Soft abode

Who does a ship who’s anchor abandons her, go to?

Where does the shadow hide, when the man shuns light?

Why do nights inspire years of pining to trickle down in muffled streams?

How can the song serenade the voice,

Or the voice serenade the lover?

When will this twilight whisper promises

Into my ear, throw some fading light

Into the misty eyes?

What is it they call the need to desire,

The desire to need?

These conundrums, rhetorical philosophies,

Struggles of the heart, wrestles of the mind

And churning of the gut land me in a soft abode.

Albeit these complications, I land in a soft abode.

Letting the ship go astray,

Letting the shadow lose form,

Letting the nights slip away,

Letting the song lose it’s purpose,

Letting the twilight lie,

Letting the need and desire liaison.

I land in a soft abode wasted.

I land in a soft abode, tired and tested.

You disappoint me

I call out to you and you turn away.

When I reach out to you,

You smirk away.

Like I were an unnecessary annexure

A laborious attachment that you’d like to

Strap on at will,

When you’re at ease.

If I were a dog and You,

My Master,

I’d be waiting tirelessly

By your bedside,

Falling asleep and waking up,

Nodding at the unforgiving passage of time,

Over and over again.

Yet, longingly I look,

Groping into the hollow dark tunnel

That bridges the moment I last saw you

And the torturous now,

Where I wait tirelessly

By your bedside,

Like your most faithful dog,

Your pet,

Your playmate,

Your ever-willing naive confidante.

If I were a bird, you’d be my wings.

You’d let the wind

Sweep us away,

Soaring high

Glee in my face, a tune in my mind

Music notes whistling through my beak

You, my wings, would be flapping

I’d be pressing you against my breast

In rhythmic harmony.

I’d cease to exist without you, my wings.

I’d lose character without you, to define me.

I’d die a meaningless death and live a non-existent life.

What’s a bird without her wings to fly!

I’d be a worm then.

Wriggling in and around.

Aimless, purposeless,

Thriving in parasitic non-existence.

You’d then stomp over me

Or trash me aside

Or worse, dump me in a boiling pot of steam,

So, I may wriggle and burst –

Blood shooting out of my veins:

Disintegrating, rendering wasteful.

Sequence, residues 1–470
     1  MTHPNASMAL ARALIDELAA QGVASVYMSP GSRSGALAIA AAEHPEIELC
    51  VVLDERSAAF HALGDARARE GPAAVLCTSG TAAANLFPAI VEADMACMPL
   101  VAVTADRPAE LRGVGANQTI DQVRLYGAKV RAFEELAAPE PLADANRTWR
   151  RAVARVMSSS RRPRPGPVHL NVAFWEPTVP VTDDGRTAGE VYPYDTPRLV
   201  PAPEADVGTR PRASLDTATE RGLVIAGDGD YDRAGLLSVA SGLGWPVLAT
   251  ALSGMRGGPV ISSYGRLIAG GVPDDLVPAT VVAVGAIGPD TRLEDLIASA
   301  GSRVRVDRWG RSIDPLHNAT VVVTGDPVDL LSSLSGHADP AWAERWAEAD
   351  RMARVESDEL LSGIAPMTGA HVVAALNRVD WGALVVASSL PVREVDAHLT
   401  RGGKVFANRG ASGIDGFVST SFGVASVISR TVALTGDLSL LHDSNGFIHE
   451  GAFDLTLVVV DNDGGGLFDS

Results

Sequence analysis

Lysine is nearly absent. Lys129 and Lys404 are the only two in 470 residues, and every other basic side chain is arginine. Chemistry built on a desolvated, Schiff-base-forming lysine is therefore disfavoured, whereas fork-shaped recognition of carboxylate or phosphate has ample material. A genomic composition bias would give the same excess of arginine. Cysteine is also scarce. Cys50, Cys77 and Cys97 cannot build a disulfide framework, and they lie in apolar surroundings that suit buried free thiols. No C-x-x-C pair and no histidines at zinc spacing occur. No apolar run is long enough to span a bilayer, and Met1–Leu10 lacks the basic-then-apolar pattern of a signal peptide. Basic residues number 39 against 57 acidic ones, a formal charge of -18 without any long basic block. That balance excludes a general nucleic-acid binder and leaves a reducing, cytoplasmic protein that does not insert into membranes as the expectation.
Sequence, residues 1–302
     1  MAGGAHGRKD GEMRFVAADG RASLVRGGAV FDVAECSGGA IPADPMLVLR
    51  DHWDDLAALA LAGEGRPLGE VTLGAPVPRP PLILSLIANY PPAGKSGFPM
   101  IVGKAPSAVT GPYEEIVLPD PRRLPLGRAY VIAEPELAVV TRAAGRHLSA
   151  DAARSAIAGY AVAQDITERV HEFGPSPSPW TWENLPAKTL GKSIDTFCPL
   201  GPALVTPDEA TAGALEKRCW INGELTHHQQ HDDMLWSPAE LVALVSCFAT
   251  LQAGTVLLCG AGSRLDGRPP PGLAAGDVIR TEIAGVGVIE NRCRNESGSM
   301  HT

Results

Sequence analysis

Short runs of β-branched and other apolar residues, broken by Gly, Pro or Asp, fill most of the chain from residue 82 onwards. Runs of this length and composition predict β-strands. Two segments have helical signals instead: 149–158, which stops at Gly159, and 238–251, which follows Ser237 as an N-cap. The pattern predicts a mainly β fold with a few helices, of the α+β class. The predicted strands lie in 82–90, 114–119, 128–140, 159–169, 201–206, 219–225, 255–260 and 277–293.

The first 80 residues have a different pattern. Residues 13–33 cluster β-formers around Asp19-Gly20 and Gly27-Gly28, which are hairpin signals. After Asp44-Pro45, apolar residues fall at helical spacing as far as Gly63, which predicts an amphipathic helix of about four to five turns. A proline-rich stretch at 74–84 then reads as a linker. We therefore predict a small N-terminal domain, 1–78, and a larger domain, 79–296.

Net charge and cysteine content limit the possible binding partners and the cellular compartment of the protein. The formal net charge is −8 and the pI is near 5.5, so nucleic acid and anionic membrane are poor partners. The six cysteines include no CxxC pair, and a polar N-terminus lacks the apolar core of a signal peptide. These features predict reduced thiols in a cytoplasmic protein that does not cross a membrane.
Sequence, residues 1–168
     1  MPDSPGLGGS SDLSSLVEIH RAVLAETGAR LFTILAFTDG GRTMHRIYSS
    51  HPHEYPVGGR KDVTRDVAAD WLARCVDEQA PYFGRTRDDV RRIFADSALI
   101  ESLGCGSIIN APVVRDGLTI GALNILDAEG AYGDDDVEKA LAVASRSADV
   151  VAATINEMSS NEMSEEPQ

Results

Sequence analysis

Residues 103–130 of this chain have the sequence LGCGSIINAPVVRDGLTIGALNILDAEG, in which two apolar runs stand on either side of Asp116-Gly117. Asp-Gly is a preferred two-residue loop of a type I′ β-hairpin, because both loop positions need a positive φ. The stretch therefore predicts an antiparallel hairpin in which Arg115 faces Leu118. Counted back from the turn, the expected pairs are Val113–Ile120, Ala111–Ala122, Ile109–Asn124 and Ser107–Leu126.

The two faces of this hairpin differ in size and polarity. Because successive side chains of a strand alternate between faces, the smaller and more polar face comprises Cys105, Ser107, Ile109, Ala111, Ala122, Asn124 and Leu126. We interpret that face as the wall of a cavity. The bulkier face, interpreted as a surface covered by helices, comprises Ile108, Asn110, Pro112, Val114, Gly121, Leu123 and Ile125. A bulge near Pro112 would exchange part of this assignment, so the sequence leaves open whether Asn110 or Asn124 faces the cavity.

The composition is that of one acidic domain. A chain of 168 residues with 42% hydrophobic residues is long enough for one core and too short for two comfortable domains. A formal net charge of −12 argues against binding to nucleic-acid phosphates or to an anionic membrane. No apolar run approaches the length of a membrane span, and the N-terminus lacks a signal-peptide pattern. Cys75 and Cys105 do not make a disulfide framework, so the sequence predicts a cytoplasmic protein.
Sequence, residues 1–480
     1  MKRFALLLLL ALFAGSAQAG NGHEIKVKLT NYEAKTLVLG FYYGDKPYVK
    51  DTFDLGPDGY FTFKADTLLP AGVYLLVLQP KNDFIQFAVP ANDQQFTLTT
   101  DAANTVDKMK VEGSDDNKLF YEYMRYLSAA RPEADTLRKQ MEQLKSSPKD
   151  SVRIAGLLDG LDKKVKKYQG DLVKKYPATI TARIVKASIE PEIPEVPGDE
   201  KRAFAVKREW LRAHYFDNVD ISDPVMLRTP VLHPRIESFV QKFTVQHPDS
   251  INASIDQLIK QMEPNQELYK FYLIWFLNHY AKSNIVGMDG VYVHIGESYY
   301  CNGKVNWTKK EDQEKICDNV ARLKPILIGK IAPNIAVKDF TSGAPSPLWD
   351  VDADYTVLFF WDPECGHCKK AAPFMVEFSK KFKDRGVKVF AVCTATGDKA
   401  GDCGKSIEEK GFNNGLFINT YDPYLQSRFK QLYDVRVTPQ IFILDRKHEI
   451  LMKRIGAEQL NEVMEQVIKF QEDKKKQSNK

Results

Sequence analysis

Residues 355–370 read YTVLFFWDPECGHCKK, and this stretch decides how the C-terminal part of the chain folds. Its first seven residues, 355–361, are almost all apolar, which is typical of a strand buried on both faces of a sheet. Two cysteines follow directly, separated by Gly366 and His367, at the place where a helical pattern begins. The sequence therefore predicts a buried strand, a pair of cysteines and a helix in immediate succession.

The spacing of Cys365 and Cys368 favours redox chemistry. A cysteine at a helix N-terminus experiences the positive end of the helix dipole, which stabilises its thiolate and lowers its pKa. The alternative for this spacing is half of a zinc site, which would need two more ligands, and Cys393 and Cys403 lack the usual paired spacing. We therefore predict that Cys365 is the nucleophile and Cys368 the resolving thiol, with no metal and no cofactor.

You disappoint me

When I think of you and I

When my ego reduces to dust here,

Vanishes and reappears around you,

Settling gently.

And you shirk it away

Wiping it off your cheek, your shoulder

And sneeze the dust away.

You disappoint me, darling!

Please go away.

Please let me annihilate you

From the crevices of my soul.

Please set me free.

Waves

Wave after wave

He stokes on and on;

Blooming waves strike,

Beat, bellow, lash and whip

Against the mouth shut.

Wave after wave

He stokes me on;

Gushing waves weep,

Plead, wail, growl

Against the tunnel sealed.

Wave after wave

He stokes on and off.

Roaring waves wreak havoc

Rising higher, falling deeper

Away from the obstinate gate.

Wave after wave

He stokes off and on.

Dying waves drown within,

Fizzling, galloping into null and void,

Away from the tip, into the pit.

In the calm of the storm

He basks in peace

Against her quivering bodice.

In the dust of the musky sweat

He smiles in sleep

Against her disheveled bodice.

While she burns and burns

Stoking his iced bodice;

She crushes and wishes

Stoking his calm bodice;

She drenches and drips

Stoking his neutral bodice.

Magic Seeds: A comic tragedy

“I don’t see what I can do. I don’t know where I can go. Therefore I feel a bad hand was dealt me… I was always someone on the outside…” these lines spoken by Willie in the first chapter of V.S.Naipaul’s ‘Magic Seeds’ are by themselves quite telling of the tragedy that Willie beholds in his life. The character of the protagonist, hereon implies V.S. Naipaul’s intention of depicting the illusion of idealism in revolutionaries.